Dir: Wim Wenders. Germany. 2003. 100mins
Wim Wenders' The Soul Of A Man, which screened earlier this year at Sundance and played at Cannes as a special screening, is the first in a series of seven films about that quintessential American art form, the blues. Other notable directors taking part are Charles Burnett, Clint Eastwood, Mike Figgis, Marc Levin and Martin Scorsese, with Scorsese acting as godfather to the whole. Judging by this first offering, however, one wonders how successful such a series can ever hope to be. Sure, the music is there, and it is fantastic, but, at least in this initial instalment, its presentation is hobbled by cliche and awkward narrative decisions. It is clear that Wenders' heart is in the right place - he has said 'these songs mean the world to me' - but choosing, as he put it, to make something more like a poem than a documentary, has not completely worked out.
Rather than going the Ken Burns' overly didactic, chronological route, Wenders has wisely chosen to focus on just three bluesmen, Blind Willie Johnson, Skip James, and JB Lenoir, who will be largely unknown to non-specialists. The film begins from the perspective of outer space, where we follow the 1977 launch of Voyager, which contained the disc of music meant to represent us to putative other worlds. Narrator Laurence Fishburne tells us proudly that he, Blind Willie Johnson, is on that disk, but when Fishburne for no good reason continues to narrate the entire film, the inconsistency is confusing. Given the fact that Fishburne heavily plays up the Southern accent when the narration does, intermittently, clearly represent Johnson's perspective, it seems he was as confused as viewers are going to be.
Since little film footage of the first two figures is extant, Wenders tells their story through sometimes awkward re-creations. They're well-done technically, with tinted stock shot slightly out-of-focus, but when Wenders sticks the authentically recorded songs into scenes that he otherwise presents as silent footage, the confusion increases, especially when he resorts to inter-titles for important bits of dialogue. Interspersed throughout is real documentary footage (cotton workers, prohibition, civil rights demonstrators, etc) meant to set the context for the music, but it is done in an especially cursory manner through over-familiar images.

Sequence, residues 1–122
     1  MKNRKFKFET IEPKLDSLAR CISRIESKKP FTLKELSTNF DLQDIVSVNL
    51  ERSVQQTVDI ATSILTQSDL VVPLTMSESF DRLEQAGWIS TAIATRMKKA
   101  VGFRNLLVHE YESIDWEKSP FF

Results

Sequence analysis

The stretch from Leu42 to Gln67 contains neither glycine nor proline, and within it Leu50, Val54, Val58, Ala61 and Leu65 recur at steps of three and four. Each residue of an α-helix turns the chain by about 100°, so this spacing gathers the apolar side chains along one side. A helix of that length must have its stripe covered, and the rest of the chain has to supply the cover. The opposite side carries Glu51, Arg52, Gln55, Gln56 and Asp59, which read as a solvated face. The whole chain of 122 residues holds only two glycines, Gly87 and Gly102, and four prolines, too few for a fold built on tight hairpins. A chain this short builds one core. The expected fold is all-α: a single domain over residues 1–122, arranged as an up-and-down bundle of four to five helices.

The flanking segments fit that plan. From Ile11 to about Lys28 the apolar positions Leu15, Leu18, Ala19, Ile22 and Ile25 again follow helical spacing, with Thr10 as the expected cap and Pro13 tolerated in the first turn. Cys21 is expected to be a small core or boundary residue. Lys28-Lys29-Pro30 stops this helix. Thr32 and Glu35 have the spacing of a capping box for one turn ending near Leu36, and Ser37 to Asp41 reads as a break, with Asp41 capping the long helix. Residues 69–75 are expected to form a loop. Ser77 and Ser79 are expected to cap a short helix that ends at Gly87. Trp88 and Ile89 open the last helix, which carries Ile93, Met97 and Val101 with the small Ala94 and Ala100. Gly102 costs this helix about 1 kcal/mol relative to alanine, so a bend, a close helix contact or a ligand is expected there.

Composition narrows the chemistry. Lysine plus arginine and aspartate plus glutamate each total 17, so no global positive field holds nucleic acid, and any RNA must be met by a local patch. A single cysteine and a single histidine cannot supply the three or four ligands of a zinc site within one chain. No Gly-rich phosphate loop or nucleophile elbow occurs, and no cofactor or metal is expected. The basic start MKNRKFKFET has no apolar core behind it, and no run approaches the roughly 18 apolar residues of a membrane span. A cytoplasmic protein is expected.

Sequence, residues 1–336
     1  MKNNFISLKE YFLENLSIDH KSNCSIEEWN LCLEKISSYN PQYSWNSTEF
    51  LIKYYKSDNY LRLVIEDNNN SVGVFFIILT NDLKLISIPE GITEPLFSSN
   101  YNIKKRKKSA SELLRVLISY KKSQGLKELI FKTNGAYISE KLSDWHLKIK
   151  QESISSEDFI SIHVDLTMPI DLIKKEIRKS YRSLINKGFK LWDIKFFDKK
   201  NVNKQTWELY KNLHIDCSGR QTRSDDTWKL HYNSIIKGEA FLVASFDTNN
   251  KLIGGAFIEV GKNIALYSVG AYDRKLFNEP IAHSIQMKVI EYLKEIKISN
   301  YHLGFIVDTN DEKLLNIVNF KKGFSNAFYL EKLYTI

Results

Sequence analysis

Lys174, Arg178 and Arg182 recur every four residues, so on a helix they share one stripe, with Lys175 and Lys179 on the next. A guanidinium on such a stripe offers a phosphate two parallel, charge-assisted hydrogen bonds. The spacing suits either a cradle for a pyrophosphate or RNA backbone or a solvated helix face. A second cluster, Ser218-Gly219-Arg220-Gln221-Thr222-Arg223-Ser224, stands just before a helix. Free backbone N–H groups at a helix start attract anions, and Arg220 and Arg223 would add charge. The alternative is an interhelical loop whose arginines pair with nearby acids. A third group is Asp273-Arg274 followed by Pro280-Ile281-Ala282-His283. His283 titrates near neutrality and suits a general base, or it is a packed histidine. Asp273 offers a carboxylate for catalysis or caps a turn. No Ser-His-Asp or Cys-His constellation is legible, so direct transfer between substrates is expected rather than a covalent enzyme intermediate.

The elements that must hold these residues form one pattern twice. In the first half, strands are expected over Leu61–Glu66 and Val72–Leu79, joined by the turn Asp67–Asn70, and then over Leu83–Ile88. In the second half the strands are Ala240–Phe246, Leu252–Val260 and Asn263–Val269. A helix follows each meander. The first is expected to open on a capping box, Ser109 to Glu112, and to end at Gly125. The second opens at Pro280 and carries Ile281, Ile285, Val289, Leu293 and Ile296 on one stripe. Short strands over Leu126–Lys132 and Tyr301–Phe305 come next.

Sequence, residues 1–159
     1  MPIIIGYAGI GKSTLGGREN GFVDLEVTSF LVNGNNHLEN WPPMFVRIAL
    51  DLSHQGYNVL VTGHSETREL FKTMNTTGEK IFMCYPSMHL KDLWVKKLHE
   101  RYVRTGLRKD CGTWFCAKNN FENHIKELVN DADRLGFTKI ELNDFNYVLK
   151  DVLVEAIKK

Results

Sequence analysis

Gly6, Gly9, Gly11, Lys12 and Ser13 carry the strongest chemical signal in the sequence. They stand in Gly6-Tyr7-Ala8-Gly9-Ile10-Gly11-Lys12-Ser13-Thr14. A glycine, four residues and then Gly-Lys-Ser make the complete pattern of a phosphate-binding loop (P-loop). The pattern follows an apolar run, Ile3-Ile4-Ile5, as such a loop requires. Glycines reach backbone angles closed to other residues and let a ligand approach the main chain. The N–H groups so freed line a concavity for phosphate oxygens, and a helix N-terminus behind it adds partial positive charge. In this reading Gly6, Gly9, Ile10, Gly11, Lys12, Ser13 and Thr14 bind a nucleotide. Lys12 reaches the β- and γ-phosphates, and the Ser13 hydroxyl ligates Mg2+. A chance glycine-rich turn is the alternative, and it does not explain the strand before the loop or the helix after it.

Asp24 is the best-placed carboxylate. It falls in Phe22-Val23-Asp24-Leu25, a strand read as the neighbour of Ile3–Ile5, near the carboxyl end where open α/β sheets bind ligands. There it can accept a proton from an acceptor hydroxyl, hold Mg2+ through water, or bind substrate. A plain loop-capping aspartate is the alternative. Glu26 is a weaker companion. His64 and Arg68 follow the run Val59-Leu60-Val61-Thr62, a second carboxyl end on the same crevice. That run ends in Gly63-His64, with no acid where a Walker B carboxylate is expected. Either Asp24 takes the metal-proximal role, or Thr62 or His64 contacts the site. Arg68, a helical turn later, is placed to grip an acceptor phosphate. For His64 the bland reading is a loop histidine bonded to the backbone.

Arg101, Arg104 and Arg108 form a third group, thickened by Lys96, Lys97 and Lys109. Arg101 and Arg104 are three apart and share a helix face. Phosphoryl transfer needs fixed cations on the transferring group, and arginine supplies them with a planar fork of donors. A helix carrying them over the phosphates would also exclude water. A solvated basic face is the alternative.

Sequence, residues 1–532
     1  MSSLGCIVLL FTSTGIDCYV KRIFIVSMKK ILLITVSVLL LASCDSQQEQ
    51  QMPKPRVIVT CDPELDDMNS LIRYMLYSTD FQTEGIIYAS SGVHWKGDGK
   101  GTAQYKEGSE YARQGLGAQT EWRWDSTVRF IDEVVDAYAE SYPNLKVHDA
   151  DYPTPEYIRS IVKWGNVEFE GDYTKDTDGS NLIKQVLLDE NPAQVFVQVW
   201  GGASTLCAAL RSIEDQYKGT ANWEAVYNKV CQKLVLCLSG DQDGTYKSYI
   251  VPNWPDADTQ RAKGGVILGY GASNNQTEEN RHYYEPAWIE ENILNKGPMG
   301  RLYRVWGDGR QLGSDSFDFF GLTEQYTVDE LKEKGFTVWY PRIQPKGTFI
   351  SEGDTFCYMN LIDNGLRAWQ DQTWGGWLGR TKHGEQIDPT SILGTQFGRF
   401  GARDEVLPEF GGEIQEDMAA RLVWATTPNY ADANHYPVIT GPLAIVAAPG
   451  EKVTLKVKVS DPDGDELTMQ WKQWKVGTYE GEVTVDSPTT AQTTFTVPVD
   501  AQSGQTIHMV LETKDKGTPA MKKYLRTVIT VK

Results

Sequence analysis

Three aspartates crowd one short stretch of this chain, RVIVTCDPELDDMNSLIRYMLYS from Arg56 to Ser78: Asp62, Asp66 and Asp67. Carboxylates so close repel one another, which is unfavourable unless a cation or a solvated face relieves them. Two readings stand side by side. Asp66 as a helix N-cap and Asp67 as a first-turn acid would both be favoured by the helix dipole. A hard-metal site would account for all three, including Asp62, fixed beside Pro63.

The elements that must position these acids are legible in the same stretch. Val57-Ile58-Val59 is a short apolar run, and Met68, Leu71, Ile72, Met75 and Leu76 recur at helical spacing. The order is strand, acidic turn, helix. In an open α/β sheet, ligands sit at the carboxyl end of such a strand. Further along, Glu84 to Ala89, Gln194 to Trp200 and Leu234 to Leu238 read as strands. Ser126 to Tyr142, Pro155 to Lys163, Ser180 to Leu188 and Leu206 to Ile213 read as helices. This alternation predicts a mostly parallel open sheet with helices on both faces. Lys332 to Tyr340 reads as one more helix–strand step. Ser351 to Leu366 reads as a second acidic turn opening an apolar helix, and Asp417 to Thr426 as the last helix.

Other bits of footage celebrate the context of black life, emphasising the irrevocable source of the blues. In one of his best decisions, Wenders intersperses, among the shaky dramatic re-creations, modern performances of the same songs, by largely white performers like Bonnie Raitt, Beck and Marc Ribot, stressing the music's universality.
Pervasive themes are the spiritual underpinnings of the music and its importance in the political struggles of the 1960s, and Wenders gives full credit to both. Less successful is the constant reminder of the tragedy of these lives lived in the shadow of American racism (Lenoir died at age 37 after receiving inadequate hospital care following a car accident, James was forgotten for 30 years after the studio that recorded him in the 1930s went bankrupt). While all undoubtedly true, it has the deadening effect of confirming what we already know so well, rather than trying to teach us something new.
Prod cos: Road Movies, Vulcan Productions
Int'l sales: Road Sales
Prods: Alex Gibney, Margaret Bodde
Exec prods: Martin Scorsese, Ulrich Felsberg, Paul G Allen, Jody Patton
Cinematography: Lisa Rinzler
Ed: Mathilde Bonnefoy
Main cast: Keith B Brown, Chris Thomas King
Featured performers: Beck, T-Bone Burnett, Nick Cave, Shemekia Copeland, Eagle Eye Cherry, Garland Jeffreys, Chris Thomas King, Los Lobos, Bonnie Raitt, Marc Ribot, Lou Reed, Vernon Reid, The Jon Spencer Blues Explosion, James 'Blood' Ulmer, Lucinda Williams, Cassandra Wilson, Alvin Youngblood Hart